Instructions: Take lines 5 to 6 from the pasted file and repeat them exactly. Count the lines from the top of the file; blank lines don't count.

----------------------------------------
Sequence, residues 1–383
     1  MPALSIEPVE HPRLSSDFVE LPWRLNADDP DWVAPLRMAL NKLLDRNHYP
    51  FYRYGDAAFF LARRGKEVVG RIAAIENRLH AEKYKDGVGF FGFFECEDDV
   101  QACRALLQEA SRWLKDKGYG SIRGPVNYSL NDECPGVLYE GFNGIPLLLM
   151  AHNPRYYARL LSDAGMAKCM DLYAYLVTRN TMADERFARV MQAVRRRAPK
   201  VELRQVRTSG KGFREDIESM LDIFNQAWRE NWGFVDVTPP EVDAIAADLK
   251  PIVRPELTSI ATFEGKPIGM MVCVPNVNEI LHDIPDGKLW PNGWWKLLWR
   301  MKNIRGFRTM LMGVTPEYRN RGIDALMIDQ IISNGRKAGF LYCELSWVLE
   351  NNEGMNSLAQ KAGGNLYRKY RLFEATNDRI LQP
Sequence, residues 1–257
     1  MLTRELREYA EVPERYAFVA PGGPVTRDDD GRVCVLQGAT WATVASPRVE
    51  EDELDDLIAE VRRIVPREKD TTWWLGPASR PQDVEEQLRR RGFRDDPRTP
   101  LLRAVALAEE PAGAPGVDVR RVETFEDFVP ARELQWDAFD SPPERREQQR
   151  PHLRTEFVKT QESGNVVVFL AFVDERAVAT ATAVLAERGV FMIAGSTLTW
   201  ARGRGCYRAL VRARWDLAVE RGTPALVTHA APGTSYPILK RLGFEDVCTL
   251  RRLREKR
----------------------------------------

   151  AHNPRYYARL LSDAGMAKCM DLYAYLVTRN TMADERFARV MQAVRRRAPK
   201  VELRQVRTSG KGFREDIESM LDIFNQAWRE NWGFVDVTPP EVDAIAADLK